[0058] The mixed way is definitely the preferred way of procedure because it combines synergetically these steps. This way consists in preparing a textile pre-form as for the resin way, by pre-impregnation, then ensuring a first rapid densification and to the core, but with a suitable dosage of resin such as to generate a residual porosity which permits the ultimate circulation of a gas. Because of this, the densification is complemented by a gaseous way step. Conducting heating at high temperature under vacuum and without chlorinated gas permits purifying the piece.

[0059] There is obtained the sequence of the following steps:

[0060] a)—weaving an armature of 2.5D; 3.5D or 4.5D from carbon filaments,

[0061] b)—cutting off from this armature elemental pieces to constitute the different portions of the product,

[0062] c)—assembly by stitching of these elemental pieces to form a monolithic assembly of the size of the finished piece,

[0063] d)—emplacing the monolithic assembly on a support for shaping,

[0064] e1)—impregnation of this armature with a resin composition and drying, between a) and b) and/or between b) and c) and/or between c) and d),

[0065] e2)—polymerization of this monolithic assembly and withdrawal of this assembly from the shaping support,

[0066] e3)—first pyrolysis of this polymerized monolithic assembly,

[0067] e4)—if desired repetition of the steps of impregnation and pyrolysis, and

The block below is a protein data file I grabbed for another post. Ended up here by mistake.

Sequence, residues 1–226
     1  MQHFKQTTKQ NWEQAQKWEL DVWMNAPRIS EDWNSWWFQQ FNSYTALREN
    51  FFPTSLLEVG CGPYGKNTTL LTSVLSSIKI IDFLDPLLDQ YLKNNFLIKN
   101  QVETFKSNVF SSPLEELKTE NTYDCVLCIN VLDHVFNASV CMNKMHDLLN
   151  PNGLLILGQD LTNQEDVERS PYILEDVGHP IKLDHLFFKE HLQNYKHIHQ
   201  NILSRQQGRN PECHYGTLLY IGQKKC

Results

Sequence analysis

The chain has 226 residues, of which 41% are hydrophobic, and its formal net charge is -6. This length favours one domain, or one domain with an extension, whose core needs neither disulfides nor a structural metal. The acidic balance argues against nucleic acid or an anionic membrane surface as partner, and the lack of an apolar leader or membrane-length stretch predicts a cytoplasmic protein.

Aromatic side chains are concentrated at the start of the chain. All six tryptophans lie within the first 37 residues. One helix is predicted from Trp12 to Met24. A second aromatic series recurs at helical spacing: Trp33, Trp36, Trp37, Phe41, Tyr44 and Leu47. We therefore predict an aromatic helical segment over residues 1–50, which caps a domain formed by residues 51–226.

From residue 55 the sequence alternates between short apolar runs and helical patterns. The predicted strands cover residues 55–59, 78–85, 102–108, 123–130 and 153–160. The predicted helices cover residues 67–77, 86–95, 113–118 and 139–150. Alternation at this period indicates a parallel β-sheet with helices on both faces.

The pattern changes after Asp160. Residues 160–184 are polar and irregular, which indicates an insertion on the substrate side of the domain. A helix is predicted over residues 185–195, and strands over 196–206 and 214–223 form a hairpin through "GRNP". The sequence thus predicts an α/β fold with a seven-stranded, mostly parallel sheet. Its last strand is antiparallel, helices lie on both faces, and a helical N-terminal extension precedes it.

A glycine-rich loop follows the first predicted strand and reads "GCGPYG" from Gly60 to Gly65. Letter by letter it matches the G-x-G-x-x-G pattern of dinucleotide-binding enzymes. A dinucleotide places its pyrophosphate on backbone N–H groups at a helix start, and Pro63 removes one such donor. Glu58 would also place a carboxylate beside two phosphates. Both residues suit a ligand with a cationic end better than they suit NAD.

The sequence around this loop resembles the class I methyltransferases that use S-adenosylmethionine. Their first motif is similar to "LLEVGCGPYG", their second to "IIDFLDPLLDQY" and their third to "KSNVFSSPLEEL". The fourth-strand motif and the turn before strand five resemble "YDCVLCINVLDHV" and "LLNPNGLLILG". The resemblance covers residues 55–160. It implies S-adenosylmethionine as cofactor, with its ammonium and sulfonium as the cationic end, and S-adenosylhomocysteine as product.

[0068] e5)—densification by gaseous way of the piece thus obtained to obtain the desired density.

[0069] In the three cases, possible machining of certain zones may be necessary for precise finishes but it remains very limited because the deformations must be limited.

[0070] It will be noted that the use of a cloth of at least 2.5D in the process according to the invention permits variations in the thickness of the armature so as to reinforce the mechanical resistance or to increase deformability, this by causing the relative quantities of warp and weft threads to vary.

[0071] Moreover, there can be chosen different types of fibers as a function of needs of thermal conductivity or electrical conductivity during the basic weaving.

[0072] An example is given hereafter relating to the use of the process according to the present invention for the production of a furnace element. This furnace element has a complex shape because it has a conical-cylindrical shape cut off into elemental portions which are assembled together.